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Among the tens of thousands of Libyans who have taken refuge in neighbouring Tunisia in the past six months to wait
Local Tunisian entrepreneurs say rich Libyans have made up for loss of Europeans tourism.
By Kaouther Larbi – DJERBA, Tunisia
out the worst back home, the richest are saving the tourist haven of Djerba.
The usual bookings from Europe to this island resort known for stunning beaches and sunsets dropped off after Tunisia's own uprising in January. That revolt not only led to the collapse of president Zine El-Abidine Ben Ali's dictatorship but touched off the "Arab Spring" movement against repressive regimes, which hit Libya in February.
Now, the Libyans have made up for the loss of Europeans and other Westerners, according to local entrepreneurs.
"The misfortune of some brings good luck to others," quipped taxi driver Jamel.
Though 2011 has already been declared the worst year yet for Tunisian tourism -- a sector that accounts for seven percent of the gross domestic product and employs 400,000 people in this North African state -- Djerba has been rescued by wealthy refugees.
Several thousand Libyan refugees have settled on this island of 139,000 residents right off Tunisia's coast, waiting for the complete fall of Moamer Gathafi's regime and greater stability before they decide to return under the new rebel leadership in Tripoli.
Big cars with Libyan licence plates fill many of the parking places. Their owners bide time in the restaurants, cafes, shops and apartments for rent close to the sea.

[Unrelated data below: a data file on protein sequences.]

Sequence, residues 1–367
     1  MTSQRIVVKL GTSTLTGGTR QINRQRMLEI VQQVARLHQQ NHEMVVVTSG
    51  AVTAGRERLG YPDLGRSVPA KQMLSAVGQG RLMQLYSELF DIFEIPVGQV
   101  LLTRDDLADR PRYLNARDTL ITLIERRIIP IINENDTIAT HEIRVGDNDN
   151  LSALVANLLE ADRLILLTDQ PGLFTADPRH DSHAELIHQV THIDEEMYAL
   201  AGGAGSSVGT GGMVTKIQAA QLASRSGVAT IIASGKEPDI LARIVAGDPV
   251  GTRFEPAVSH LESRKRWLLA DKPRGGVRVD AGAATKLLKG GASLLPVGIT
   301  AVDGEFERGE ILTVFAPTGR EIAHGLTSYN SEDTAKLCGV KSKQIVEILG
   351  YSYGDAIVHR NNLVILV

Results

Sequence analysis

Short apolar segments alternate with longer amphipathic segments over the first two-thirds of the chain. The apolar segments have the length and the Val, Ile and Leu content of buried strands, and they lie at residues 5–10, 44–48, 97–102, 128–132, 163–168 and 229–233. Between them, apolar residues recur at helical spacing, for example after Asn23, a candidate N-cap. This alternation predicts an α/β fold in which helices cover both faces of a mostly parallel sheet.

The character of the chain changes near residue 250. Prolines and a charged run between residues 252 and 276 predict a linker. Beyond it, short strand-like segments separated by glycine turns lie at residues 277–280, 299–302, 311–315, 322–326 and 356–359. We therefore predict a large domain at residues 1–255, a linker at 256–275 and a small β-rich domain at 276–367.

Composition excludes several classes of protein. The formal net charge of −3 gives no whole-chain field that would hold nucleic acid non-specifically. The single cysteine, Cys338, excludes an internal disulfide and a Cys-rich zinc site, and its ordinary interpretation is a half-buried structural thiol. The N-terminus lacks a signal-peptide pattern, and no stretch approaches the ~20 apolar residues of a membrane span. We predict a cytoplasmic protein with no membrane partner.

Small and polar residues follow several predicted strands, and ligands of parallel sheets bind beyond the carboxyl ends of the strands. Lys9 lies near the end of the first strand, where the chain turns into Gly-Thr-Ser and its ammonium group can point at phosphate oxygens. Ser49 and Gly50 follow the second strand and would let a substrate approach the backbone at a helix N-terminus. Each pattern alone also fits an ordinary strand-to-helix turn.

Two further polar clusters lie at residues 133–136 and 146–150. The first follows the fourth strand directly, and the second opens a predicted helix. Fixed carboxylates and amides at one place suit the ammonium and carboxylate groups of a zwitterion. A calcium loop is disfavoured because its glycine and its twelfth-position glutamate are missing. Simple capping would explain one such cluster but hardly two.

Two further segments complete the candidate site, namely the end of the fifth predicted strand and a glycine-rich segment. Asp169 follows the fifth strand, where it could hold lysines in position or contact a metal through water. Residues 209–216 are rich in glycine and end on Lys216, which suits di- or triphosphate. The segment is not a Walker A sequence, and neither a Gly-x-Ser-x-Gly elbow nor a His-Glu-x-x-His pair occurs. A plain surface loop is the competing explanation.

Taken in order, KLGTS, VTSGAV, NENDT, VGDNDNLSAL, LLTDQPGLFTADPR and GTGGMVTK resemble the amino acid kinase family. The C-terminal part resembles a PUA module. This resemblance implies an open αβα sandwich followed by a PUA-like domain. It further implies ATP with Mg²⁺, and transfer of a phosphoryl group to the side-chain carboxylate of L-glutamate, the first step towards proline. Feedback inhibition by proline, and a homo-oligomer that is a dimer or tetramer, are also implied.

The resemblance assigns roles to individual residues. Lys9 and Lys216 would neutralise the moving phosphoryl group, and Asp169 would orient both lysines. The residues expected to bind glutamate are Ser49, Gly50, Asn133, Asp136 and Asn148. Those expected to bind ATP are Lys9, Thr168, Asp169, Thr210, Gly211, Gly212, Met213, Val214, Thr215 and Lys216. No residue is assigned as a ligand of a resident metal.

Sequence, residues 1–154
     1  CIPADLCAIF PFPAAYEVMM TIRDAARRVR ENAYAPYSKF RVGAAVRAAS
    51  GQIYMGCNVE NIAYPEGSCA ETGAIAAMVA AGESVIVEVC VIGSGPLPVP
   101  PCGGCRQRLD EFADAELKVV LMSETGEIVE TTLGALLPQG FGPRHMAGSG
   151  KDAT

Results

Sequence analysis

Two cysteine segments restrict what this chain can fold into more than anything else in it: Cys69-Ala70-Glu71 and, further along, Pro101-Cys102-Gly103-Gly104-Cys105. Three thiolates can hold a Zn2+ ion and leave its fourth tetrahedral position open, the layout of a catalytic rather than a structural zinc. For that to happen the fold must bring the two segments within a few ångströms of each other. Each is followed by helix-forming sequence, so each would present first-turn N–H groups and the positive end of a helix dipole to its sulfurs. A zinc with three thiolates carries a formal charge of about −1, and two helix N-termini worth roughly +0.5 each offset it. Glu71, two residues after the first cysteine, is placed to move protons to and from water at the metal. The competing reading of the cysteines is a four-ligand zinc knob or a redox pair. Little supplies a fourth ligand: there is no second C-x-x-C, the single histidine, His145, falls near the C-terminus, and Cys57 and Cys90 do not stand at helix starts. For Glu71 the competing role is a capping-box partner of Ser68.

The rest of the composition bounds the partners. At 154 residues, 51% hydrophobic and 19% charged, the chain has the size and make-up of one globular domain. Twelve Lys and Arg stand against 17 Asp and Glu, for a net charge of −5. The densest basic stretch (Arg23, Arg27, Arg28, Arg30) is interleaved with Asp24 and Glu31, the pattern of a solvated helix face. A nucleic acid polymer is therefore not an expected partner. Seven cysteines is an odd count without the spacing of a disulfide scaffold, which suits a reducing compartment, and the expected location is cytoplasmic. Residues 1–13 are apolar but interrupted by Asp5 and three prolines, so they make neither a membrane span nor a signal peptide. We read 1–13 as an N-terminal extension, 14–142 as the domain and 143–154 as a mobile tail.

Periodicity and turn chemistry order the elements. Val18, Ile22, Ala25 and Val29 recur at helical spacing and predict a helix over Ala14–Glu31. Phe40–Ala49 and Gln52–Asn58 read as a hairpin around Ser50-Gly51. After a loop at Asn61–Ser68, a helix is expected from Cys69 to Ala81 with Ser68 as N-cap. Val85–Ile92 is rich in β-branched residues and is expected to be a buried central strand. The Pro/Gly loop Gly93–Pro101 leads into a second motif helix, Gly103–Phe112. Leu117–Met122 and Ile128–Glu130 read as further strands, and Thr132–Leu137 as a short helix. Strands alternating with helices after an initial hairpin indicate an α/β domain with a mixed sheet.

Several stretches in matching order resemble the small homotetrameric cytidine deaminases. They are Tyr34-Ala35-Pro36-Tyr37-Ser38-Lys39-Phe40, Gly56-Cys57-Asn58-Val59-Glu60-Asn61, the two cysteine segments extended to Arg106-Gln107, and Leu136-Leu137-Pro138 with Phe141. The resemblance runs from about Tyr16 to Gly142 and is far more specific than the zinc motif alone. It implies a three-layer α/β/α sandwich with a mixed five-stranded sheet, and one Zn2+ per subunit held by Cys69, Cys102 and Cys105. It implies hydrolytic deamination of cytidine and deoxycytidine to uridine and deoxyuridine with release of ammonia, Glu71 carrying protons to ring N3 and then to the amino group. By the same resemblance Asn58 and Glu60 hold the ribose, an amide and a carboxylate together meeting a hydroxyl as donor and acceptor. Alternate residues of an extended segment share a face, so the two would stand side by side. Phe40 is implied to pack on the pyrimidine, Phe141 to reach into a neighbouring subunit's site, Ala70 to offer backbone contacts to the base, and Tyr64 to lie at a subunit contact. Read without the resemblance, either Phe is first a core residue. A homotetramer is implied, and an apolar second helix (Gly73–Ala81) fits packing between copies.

"Without them, my income would have been close to nothing," acknowledged Cherif, 39, a grocer in Midoun.
"Since the uprising against the Libyan regime, we have recorded a turnover of 100,000 dinars (51,000 euros / 72,000 dollars) per day, which is an increase of 10 percent over the year 2010," said Adel Khlifi, the deputy director of a large supermarket at Houmet Souk, the main town on the island.
Khlifi said that the Libyans are "very good clients" who buy a lot of food products. "The cost of their purchases are more than 120 dinars by day," Khlifi added.
"It's true that we miss the foreign currency income (brought in by European tourists), but we cannot deny that we have been saved by our Libyan brothers," said Salem, 49, who runs a restaurant in Djerba's tourist zone and has for the past two months served meals to about 50 Libyans a day.
"At least we are not going bust this year," added Mohamed, a manager in a trendy cafe in Midoun.
Legend holds that Djerba, ironically, was the land of the Lotus Eaters described in Homer's Greek epic "The Odyssey", where eating the local fruit made Ulysses' men not care about returning home.
While the Libyans are unlikely to forget their own homecoming, Mohamed and others dependent on the tourist trade try to make their stay a bit easier.
"Spoil them as they deserve," he urged his waiters on a recent evening as he welcomed the first customers with a big smile.
"They're a long way from home, their country is at war. They need us to boost their morale. They certainly deserve that in light of what they spend," Mohamed said.
In some hotels, a special price for Libyans has been posted up in the reception, no higher than 60 dinars (about 30 euros, 42 dollars) including full board.
"This is a symbolic price for these people who are living in a difficult situation. We must help them during this period," said Adbelwahab Majoul, the manager of a four-star hotel.
The Libyan VIPs stay in five-star hotels, which have kept their high prices. These palatial buildings in recent months took in officials of the Gathafi regime and representatives of the Libyan rebels for secret talks.
However, not all agree with Mohamed and the presence of the Libyans has upset some Djerba residents, who are waiting impatiently for their guests from across the border to leave.
"Since the Libyans arrived, the price of vegetables and fruit has almost doubled," complained Ali, a civil servant. "You can queue for an hour to buy water and milk, since there are so many Libyans in our shops."